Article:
By Jeff Brumley
An all-woman team served communion at Spring Creek Baptist Church last Sunday. That was Pastor John Jay Alvaro’s idea of taking the Martha Stearns Marshall Month of Preaching to a new level at his Oklahoma City church.
What Alvaro hadn’t envisioned was that the presiding minister and five servers would have ideas of their own on how to conduct the monthly ritual.
“When I serve, I take the elements from the table and carry them to the deacons” at their two stations, Alvaro said. “But in this situation, they all came to the table and gathered the elements and took them back to their places [to distribute].”
The unscripted change even took Suzan Benson, the presiding minister, by surprise.
“It was very spontaneous,” said Benson, a deacon at the church.
With a few days to reflect on it, Alvaro said he also thinks it was a good idea.
One context for Sunday’s experience was embracing the spirit of Stearns Marshall preaching month. Each February, Baptist churches are encouraged to participate by inviting women to preach.
“This is an opportunity for you to publicly voice your support of women in ministry,” the Baptist Women in Ministry website explains. It’s also a way “to be counted with other Baptist churches in celebrating the calling and gifts of women, and to remind your congregation that God does indeed call women to the work of the kingdom.”
Alvaro said a woman associate pastor from a neighboring church will preach at Spring Creek at the end of February.
But he saw the communion service, held the first Sunday of every month, as another way to enhance the congregation’s experience of women in ministry.
So women performed every element of the service except the sermon, which was preached by Alvaro.
“It was an effort to intentionally and viscerally elevate the role of women,” he said. “We wanted to have that sort of feminine spirituality saturate our worship as much as we could.”
Also, it’s an approach Alvaro said he and his staff are constantly seeking to push beyond special preaching months for women.
The church is exploring ways to give more pastoral duties to women, both staff members, deacons and members who are ordained.
“And give them more liturgical duties,” Alvaro said. “I am fascinated with what it would be like to turn [leadership] on its head.”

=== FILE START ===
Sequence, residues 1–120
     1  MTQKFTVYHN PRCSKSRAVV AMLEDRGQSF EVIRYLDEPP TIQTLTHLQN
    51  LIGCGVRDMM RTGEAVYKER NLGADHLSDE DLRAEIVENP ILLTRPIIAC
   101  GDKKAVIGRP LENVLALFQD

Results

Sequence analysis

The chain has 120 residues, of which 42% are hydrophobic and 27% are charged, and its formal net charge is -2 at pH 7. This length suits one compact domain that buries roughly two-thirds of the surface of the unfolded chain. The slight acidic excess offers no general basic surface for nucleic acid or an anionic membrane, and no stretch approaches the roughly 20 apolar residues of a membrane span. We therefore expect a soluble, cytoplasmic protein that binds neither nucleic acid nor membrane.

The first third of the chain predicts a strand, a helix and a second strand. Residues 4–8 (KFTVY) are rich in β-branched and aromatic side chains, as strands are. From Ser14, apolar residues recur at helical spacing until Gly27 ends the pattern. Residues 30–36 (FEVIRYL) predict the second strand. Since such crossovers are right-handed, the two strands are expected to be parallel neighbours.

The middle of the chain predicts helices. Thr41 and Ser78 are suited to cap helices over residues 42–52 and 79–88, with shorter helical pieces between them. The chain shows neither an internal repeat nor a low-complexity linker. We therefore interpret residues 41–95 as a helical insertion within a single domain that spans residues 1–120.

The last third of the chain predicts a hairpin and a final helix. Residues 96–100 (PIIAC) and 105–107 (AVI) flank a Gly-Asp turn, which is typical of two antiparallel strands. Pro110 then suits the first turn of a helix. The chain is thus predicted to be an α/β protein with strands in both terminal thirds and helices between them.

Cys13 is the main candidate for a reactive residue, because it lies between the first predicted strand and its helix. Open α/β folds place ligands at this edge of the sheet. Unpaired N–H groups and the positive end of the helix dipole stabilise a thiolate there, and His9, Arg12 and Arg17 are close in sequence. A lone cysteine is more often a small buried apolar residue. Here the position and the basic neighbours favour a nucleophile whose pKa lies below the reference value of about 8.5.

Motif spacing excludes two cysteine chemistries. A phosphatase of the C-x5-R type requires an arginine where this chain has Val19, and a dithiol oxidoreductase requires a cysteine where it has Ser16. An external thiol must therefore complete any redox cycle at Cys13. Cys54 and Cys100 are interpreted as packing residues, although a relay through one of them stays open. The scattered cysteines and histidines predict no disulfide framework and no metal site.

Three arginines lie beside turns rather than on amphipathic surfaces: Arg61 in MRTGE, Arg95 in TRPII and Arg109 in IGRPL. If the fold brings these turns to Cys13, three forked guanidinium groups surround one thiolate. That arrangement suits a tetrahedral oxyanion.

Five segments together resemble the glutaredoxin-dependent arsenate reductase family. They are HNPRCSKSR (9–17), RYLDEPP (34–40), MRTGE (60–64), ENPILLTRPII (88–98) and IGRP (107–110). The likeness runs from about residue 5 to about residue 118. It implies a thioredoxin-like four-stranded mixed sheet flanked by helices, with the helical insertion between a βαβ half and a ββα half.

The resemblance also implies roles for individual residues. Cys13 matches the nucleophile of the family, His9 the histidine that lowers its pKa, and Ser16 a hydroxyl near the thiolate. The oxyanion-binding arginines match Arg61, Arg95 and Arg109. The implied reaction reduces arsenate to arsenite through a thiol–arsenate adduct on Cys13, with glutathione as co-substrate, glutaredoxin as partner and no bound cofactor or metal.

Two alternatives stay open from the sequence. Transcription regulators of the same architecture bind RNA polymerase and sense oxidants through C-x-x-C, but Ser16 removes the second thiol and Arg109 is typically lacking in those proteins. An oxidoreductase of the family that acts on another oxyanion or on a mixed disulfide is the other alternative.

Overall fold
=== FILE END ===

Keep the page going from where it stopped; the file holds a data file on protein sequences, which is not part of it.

That desire goes back further.
Alvaro recalled being at a church service with his wife in a Bible college. She was struck with the all-male communion service. Women weren’t allowed, but teen-age boys were. They wondered what it would be like if a daughter of theirs grew up in that environment.
Even in congregations where women are deacons, those women often are limited to nurturing roles.
“The ordained mantle doesn’t extend to you just when you are preaching, but to all the sacramental duties,” he said.
Alvaro said the female-led service last Sunday reinforced the concept to him that the pulpit is not the sole source of leadership at Spring Creek.
“We are trying to elevate women and spread pastoral authority outside the role of the senior pastor,” he said. “And it’s me divesting some power from my office to the rest of the staff.”
‘They came to me’
For Benson, the power involved Sunday seemed to come from a higher source. She said it took some time after the service to realize how powerful it had been.
“That was my first time to lead communion, so that was different for me,” she said.
Before the service, Benson met in Alvaro’s office to choreograph the flow of the morning.
However, the servers were unable to make it, and the first time they were together was that morning at the altar. Benson said she set out to follow the order she and Alvaro discussed.
“I was intending to take the elements to them as he does,” she said. “And as I got ready to do that, they came to me.”
Surprise was followed by an intuition that the initial plan was never meant to be followed.
“I thought ‘this is not how it’s supposed to go,’” Benson said. “But then I realized that’s the way it was supposed to go.”
— Baptist News Global’s reporting on innovative congregational ministries is part of the Pacesetter Initiative, funded in part by the Eula Mae and John Baugh Foundation.